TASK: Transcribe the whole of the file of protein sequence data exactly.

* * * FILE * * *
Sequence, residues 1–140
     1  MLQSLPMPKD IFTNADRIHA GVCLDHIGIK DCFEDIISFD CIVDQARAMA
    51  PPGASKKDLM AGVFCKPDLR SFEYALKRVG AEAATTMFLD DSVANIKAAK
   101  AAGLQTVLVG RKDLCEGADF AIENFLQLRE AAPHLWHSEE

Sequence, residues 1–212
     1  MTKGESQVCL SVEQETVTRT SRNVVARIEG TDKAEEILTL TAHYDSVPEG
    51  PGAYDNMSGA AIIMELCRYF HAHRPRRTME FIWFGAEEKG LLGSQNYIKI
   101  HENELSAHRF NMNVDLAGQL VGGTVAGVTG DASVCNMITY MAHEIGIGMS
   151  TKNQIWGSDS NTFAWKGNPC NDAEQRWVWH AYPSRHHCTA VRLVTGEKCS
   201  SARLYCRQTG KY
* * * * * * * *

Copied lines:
Sequence, residues 1–140
     1  MLQSLPMPKD IFTNADRIHA GVCLDHIGIK DCFEDIISFD CIVDQARAMA
    51  PPGASKKDLM AGVFCKPDLR SFEYALKRVG AEAATTMFLD DSVANIKAAK
   101  AAGLQTVLVG RKDLCEGADF AIENFLQLRE AAPHLWHSEE

Sequence, residues 1–212
     1  MTKGESQVCL SVEQETVTRT SRNVVARIEG TDKAEEILTL TAHYDSVPEG
    51  PGAYDNMSGA AIIMELCRYF HAHRPRRTME FIWFGAEEKG LLGSQNYIKI
   101  HENELSAHRF NMNVDLAGQL VGGTVAGVTG DASVCNMITY MAHEIGIGMS
   151  TKNQIWGSDS NTFAWKGNPC NDAEQRWVWH AYPSRHHCTA VRLVTGEKCS
   201  SARLYCRQTG KY